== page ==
One year, we had been sheltering a woman and three children from another state. It was an arrangement we had made many times before. I don’t remember if she flew or drove, but it doesn’t much matter. Either of those options could have left enough of a trail to her whereabouts. Working with a shelter in her local area, we arranged for her to stay with us at our confidential address. We met her some distance away from the shelter, as we always did when admitting a new family. She was calm and determined, the kids were adorable, and she settled into shelter life.

It was November, and I think she’d been with us a few weeks. I was at home hosting a Thanksgiving party. The women and children in shelter, including the new family, were also cooking a turkey.

The phone rang—my personal landline. Thinking it was my extended family, I answered to a strange man’s voice demanding to know where we had put his wife, since he knew she was there. He had somehow traced her to Oregon, to our shelter. He had then figured out that I was directing the place and found my home phone number and address.

Needless to say, this terrified me. I called the shelter immediately and we moved her to a more secure location. For weeks after, I took circuitous routes to work and paid special attention to who might be following me in my rearview mirror.

The danger my coworkers and I faced, real as it was, was nothing compared to what women and children faced and continue to face in escaping abuse. And women must rely on themselves, on their own wits and whatever support friends, family, and those in the nonprofit shelter movement can provide.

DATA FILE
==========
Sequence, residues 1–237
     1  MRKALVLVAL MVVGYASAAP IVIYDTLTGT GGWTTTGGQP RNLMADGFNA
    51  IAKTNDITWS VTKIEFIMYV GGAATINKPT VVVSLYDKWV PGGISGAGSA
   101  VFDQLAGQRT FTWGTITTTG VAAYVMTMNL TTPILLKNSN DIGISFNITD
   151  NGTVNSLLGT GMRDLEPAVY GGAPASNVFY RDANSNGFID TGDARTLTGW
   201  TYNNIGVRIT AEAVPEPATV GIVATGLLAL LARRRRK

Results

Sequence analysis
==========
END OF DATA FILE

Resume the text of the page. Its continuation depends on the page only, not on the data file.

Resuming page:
The Federal Witness Protection program has relocated approximately 8,500 witnesses and 9,900 family members since its inception in 1971. It has existed longer than all of the safety programs for battered women in the US. Those in the program are relocated and supported and protected due to threats of death and bodily harm related to testimony in significant government cases.

Depending on what sources you look at, upwards of 1,000 women a year are killed as a result of domestic violence—roughly 40,000 women since 1971, when I became involved in this work. There is no witness protection for survivors of domestic violence.

Correction: An earlier version of this piece stated that Bradley Angle opened in 1976. In fact, it opened in 1975.


2 comments have been posted.

Linda, a thoughtful, well-written, and probing piece. I had no idea you were involved in this work. My admiration grows. Lee

Le Norris | May 2023 | Portland

I found the REFUGE Movement and realized almost immediately. The domestic violence is not never has been a gender issue. I have argued for years that we also need shelters for men and so far there are very few we need to address the problem.

ERIN PIZZEY | May 2023 | Uk